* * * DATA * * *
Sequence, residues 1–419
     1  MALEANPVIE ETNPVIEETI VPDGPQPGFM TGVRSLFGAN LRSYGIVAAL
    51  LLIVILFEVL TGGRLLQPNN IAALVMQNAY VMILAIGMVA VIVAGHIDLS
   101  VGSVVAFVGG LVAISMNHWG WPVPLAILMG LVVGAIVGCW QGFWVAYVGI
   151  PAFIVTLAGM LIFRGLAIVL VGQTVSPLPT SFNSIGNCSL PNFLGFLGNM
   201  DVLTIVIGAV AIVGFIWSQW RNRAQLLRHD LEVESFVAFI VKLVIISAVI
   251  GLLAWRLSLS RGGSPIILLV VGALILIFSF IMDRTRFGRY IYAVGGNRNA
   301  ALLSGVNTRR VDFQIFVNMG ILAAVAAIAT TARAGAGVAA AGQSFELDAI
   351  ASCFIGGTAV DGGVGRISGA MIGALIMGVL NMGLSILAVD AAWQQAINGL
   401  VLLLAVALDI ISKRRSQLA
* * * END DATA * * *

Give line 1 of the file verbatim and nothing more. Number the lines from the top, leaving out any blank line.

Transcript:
Sequence, residues 1–419